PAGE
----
Depreciation changes to hit property investors
The federal government’s recently announced changes to depreciation deductions available to property investors were a surprise to many. But what do the changes mean for investors and when will they be implemented?
As part of the federal government’s 2017 budget, changes were announced to the depreciation deductions on offer to property investors.
These pertained to deductions on items in an investment property deemed ‘plant and equipment’ as well as for expenses incurred when travelling to inspect an investment property.
Overall, depreciation benefits are helpful, but investors shouldn’t be buying property for these benefits. Their priority should be on properties with good capital growth or rental income prospects, depending on their goals.
What are the depreciation changes to ‘plant and equipment’?
There are over 100 items that are deemed plant and equipment in an investment property including carpets, hot water systems, stoves, air conditioners, curtains, blinds, dishwashers, ceiling fans, and the list goes on.
In the government’s eyes, these items have an ‘effective life’, typically of 7 years, in which investors can claim a tax deduction from their taxable income for the annual depreciation of these items.
Previously, if an investor bought a property (new or established), they could engage a quantity surveyor who could value these items and then use this information to claim the associated depreciation deductions.
However, under the new legislation, depreciation deductions on ‘plant and equipment’ will only be available to investors buying brand new properties, or investors who pay for plant and equipment items themselves.
This means if an investor buys an established property with a 2-year old dishwasher, they can’t claim the remaining deductions on its ‘effective life’.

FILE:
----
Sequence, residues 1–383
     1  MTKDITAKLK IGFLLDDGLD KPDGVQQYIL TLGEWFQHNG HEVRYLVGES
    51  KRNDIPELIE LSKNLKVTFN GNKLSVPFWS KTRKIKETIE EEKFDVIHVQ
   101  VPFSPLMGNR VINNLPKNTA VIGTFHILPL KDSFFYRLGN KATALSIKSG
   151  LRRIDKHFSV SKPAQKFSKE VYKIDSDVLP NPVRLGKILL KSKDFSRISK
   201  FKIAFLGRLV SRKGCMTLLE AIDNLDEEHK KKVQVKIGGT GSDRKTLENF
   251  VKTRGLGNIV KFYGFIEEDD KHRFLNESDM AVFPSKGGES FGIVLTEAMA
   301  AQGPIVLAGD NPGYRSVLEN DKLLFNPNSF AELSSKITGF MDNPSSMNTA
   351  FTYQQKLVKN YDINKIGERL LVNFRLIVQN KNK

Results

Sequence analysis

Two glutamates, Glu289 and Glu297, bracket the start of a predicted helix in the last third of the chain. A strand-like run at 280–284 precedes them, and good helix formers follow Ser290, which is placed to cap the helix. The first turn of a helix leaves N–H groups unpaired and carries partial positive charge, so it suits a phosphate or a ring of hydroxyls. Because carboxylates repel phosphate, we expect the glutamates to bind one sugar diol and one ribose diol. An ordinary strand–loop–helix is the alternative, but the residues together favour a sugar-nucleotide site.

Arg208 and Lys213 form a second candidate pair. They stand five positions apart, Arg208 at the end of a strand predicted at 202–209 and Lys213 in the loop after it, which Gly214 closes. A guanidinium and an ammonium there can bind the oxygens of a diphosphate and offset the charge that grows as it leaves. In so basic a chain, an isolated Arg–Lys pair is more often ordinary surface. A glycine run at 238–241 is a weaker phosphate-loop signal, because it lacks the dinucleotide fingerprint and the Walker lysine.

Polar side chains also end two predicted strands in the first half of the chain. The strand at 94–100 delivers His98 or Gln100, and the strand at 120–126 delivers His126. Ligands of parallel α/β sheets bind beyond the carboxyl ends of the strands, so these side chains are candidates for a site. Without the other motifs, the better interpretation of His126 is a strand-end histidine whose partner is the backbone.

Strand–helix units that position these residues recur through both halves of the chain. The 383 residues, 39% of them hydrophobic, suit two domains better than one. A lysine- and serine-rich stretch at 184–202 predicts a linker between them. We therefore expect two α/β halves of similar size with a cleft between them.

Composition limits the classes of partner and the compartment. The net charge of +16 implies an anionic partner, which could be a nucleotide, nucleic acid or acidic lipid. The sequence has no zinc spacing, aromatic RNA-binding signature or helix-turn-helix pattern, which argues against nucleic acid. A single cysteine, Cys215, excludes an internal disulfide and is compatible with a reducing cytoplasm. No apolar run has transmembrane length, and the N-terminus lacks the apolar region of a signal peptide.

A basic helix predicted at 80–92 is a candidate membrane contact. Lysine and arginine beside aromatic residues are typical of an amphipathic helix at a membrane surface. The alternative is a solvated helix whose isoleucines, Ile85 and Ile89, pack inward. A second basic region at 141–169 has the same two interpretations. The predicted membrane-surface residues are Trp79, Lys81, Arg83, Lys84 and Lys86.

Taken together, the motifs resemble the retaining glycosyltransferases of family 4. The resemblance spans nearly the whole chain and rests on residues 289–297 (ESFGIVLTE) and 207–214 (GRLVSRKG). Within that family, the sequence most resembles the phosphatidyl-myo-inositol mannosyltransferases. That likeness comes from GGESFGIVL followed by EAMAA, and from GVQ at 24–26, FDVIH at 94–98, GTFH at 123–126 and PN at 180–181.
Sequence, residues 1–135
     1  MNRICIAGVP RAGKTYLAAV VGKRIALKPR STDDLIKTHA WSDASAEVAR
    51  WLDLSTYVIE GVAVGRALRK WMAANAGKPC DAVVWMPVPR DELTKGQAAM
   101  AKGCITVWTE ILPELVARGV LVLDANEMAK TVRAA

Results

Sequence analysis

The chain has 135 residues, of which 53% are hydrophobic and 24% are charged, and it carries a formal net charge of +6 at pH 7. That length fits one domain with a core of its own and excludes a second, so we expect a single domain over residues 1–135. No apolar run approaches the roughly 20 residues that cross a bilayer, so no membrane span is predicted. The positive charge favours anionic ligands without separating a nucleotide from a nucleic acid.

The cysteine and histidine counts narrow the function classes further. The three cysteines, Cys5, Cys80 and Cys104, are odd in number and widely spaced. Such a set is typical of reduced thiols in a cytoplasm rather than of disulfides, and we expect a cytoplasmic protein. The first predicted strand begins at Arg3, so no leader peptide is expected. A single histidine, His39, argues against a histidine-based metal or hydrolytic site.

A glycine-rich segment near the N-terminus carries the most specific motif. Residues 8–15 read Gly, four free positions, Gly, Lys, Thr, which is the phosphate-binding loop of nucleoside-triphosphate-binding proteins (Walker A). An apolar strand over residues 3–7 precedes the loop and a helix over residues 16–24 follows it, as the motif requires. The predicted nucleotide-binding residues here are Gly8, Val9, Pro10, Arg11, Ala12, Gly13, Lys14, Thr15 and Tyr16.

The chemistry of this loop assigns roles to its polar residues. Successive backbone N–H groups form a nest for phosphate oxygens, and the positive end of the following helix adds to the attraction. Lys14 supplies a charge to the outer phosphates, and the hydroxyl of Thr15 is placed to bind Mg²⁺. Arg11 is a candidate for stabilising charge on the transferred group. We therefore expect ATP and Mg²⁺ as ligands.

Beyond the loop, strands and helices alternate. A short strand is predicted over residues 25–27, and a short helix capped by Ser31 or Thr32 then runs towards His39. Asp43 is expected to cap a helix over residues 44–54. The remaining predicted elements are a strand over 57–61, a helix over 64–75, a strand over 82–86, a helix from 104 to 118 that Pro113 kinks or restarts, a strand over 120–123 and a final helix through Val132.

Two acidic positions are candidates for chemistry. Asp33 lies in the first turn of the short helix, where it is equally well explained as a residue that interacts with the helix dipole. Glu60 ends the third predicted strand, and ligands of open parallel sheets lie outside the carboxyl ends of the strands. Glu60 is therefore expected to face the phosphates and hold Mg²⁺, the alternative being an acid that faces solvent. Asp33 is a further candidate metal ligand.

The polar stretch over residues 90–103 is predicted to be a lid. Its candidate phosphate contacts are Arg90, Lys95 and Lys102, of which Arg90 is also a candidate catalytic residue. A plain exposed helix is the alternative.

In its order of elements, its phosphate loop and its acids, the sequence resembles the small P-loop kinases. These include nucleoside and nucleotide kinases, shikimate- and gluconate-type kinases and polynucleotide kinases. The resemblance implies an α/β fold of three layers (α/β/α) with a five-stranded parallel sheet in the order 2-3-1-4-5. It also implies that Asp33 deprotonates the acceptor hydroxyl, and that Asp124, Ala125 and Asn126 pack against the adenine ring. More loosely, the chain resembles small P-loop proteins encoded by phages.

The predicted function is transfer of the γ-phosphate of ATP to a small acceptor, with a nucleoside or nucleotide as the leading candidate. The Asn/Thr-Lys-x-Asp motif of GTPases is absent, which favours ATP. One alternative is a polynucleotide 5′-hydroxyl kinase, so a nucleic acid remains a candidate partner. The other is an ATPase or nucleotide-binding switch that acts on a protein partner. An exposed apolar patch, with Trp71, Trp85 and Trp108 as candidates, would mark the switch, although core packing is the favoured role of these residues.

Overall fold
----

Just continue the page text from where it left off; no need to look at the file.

Effectively, this reduces investors’ cash flows’ as they don’t receive as much back from the tax man each year.
When will the changes be implemented?
The good news is that these changes are grandfathered, so if you entered into a contract to buy an investment property before 7:30pm on May 9, 2017, nothing changes for you.
However, if you entered into an agreement to buy an investment property after this time, then you will be effected by the new legislation.
Settlement dates are irrelevant. The changes only apply to the contract date, not the settlement date. Therefore, if you entered into a contract to buy an investment property before May 9, 7:30pm but settlement occurred after this date, you will still be able to claim the existing plant and equipment as depreciable items.
Who will be most affected by the changes?
Unfortunately, some of the policy remains unclear as we have heard very little about the details of the changes since budget night on May 9.
As we understand it, if you didn’t buy the plant and equipment item yourself (i.e. it came with the purchase of the investment property), then you don’t get to claim any depreciation against it.
Therefore, we expect this will most impact investors who purchase near new properties or recently renovated properties.
We expect that investors buying new properties will be able to claim the deductions on all items deemed plants and equipment.
Ideally, what we would like to see is that investors can still claim full depreciation relative to how much effective life is left in the item, whether that be 2 years or 7 years, etc.
Travel expense deduction scrapped
Further to the changes to depreciation deductions for plant and equipment, the federal government has also scrapped deduction for travel expenses.
This means investors can no longer claim airfares or petrol, among other expenses, that are incurred when travelling to inspect their investment properties or to collect the rental income.
It’s important to note that the property management fees remain tax deductible though.
Building depreciation allowances remain
Building depreciation allowances remain for investment properties. The depreciation allowance is a percentage of the construction cost of the building, or improvements on the property.
Investors can claim depreciation of 2.5% of the cost of the building or improvements each year. The ‘effective life’ being 40 years.
So if the cost of the building is $300,000 then you can claim 2.5% each year, effectively $7,500 annually, over 40 years. But if the building is 15 years old, you can still claim the remaining 25 years.
To secure this deduction, the house needs to have commenced construction on or after July 18, 1985 or where construction of structural improvements started on or after February 27, 1992.